Breed: Pit bull
Encountered: In a parking lot in Cave Creek, Arizona, where her owner sells cowboy hats at a roadside stand.
Backstory: Everyday, Michael Chazan, of Phoenix, sets up his tables on a dusty parking lot and hawks hats from Guatemala. At first, he would bring his daughter’s dog with him — partly for company, partly because, he’s found, dogs can help bring in business.
When she moved away, he debated whether he should bring along his dog, Sarah, who he’s had since she was a pup. While amazingly and unwaveringly friendly, she is a pit bull, and while he knows she’s a sweetheart, some customers, he feared, might shy away.
He gave it a try anyway, and Sarah proved to be as good for business as she is at being a friend.
I had no choice but to go over and say hello. And now — though I’m not the cowboy hat type — I’m wearing a cowboy hat.
Michael says Sarah is good at luring in customers, and while he sometimes tells customers that his dog will eat them if they don’t buy the hat they tried on, one look at Sarah’s smiling face lets them know, if they didn’t already, that it’s a joke.
He, as is usually his way with assertive females, all but ignored her.
I, on the other hand was smitten – and not just because we both have big heads. It was her sweet disposition that hooked me, reeled me in and sealed the sale, with a big sloppy lick.
(To see all of our Roadside Encounters, click here.)
Posted by John Woestendiek December 16th, 2010 under Muttsblog.
Tags: america, animals, attracting, breeds, business, cowboy, customers, dog's country, dogs, dogscountry, encounter, hats, misperceptions, pets, pit bull, pit bulls, pitbull, road trip, roadside, roadside encounters, roadside stand, sales, salesman, sarah, stereotypes, travel, travels with ace, vendor
Cody, the chocolate Labrador we showed you a video of last week — the one who jumps up and greets customers at the drive-through window of a Florida gas station — has been declared a health hazard and ordered to leave the premises.
The dog was featured last month in a St. Petersburg Times story, along with a heartwarming video of Cody in action that has been seen widely on the Internet.
Apparently state officials didn’t find it as heartwarming as everybody else.
Inspectors — from the health department according to some reports, agriculture department according to others — stopped by Karim Mansour’s BP station and convenience store in Clearwater and issued a warning. Unless the dog was removed, all of Mansour’s food products would be declared unfit for consumption, the St. Petersburg Times reported yesterday.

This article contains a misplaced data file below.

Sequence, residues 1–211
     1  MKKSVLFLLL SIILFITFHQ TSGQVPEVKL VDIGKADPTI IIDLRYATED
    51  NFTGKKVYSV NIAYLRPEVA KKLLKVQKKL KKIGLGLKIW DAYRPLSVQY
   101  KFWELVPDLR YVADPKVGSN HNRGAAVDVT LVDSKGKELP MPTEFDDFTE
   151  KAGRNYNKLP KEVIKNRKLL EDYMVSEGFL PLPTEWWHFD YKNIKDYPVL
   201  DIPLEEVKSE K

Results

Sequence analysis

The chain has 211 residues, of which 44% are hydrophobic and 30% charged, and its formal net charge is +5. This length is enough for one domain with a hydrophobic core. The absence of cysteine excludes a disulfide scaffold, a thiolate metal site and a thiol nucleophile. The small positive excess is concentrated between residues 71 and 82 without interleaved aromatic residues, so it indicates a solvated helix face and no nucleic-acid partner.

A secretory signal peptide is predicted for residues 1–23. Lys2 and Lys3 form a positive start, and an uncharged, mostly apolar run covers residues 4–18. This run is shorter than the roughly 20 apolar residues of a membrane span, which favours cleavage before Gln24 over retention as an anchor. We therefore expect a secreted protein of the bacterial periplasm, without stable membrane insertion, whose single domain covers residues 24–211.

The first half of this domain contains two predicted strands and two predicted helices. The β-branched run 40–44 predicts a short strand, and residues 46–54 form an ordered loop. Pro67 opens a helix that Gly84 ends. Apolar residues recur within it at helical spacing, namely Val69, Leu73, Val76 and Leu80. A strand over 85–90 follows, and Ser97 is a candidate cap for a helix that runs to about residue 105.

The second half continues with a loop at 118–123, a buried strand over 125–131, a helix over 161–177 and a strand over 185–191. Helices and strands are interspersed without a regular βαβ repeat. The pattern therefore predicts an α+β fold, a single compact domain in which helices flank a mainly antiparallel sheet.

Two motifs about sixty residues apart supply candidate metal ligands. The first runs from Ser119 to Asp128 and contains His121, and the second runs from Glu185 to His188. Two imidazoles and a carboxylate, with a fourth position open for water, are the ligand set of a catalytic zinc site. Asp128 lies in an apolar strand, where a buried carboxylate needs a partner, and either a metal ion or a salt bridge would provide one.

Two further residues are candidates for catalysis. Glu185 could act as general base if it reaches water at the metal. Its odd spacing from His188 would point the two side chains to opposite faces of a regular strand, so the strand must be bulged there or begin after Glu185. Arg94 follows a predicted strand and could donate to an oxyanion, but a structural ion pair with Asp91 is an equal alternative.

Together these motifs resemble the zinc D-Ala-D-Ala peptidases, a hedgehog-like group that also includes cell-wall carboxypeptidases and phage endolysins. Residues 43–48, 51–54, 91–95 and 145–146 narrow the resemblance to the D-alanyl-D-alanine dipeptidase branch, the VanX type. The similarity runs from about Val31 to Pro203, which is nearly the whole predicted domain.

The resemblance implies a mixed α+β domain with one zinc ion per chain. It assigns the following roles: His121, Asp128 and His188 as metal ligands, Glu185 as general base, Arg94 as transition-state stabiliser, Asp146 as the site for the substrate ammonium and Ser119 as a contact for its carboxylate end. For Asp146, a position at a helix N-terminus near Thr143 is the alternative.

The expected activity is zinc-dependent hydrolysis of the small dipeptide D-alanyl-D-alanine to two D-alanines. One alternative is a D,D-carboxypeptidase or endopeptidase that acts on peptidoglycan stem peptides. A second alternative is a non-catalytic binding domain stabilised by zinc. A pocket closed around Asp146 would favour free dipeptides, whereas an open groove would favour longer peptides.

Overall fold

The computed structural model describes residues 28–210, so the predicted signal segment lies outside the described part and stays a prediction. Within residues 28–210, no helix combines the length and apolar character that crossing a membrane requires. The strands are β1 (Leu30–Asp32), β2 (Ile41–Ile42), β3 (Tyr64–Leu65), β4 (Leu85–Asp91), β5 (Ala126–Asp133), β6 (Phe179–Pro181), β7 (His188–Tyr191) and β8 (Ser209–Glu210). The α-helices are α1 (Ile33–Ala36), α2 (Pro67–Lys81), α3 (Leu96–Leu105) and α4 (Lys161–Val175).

That most everything Mansour sells at his shop in Clearwater is packaged — bottled sodas, candy bars, chips and the like — didn’t matter to the Grinch-like bureacrats, who apparently feared the wholesome goodness of the store’s Slim Jims, Twinkies and Marlboros might be tainted by a deadly pet hair.
Mansour, who adopted 6-year-old Cody three years ago, accepted the warning and plans to start leaving his dog at home.
Most readers, judging from the comments the Times has received on the story, see the state’s crackdown on Mansour as a ridiculous case of overkill.
We couldn’t agree more. Once again, it appears, bureaucracy has prevailed, accomplishing its mission of making the world a safer, far more boring, smile-free place.
Posted by John Woestendiek December 4th, 2009 under Muttsblog.
Tags: agriculture, bp, bureaucrats, chocolate, clearwater, cody, convenience store, customers, drive-through, florida, gas station, greeter, greets, health, karim mansour, lab, labrador, remove, state, warning
Bucking global fashion, the Australian suburb of Mosman, outside Sydney, is working to make restaurants with outdoor dining less dog friendly.
The town’s council has drafted a new policy, requiring cafe owners to set aside areas where dogs can be chained up like bicycles while their owners eat — in effect ruining the dining with dog experience, not to mention raising new questions about the safety and humaneness of leaving dogs tied.
Tying them up, the council reasons, will keep dogs far enough away from food to comply with law — and keep dog-loving restaurant patrons from taking their business elsewhere.
”It could be on the street, it might be at a bus seat or it might be a street pole,” said Anthony Fitzpatrick, the council’s manager of governance.
At The Avenue Cafe, Barbara Standen told the Sydney Morning Herald she could not understand why well-behaved dogs should not be allowed to sit at her feet while she has a coffee. ”In Europe they go into food shops and dress shops.”
(Photo: Barbara Standen outside The Avenue Cafe with her dog Molly and her friend’s labrador, Annie. By SAHLAN HAYES/Sydney Morning Herald)
Posted by John Woestendiek October 7th, 2009 under Muttsblog.
Tags: australia, cafes, customers, dining, dining with dogs, dog friendly, dog unfriendly, dogs, law, mosman, outdoor, restaurants, rules, suburb, sydney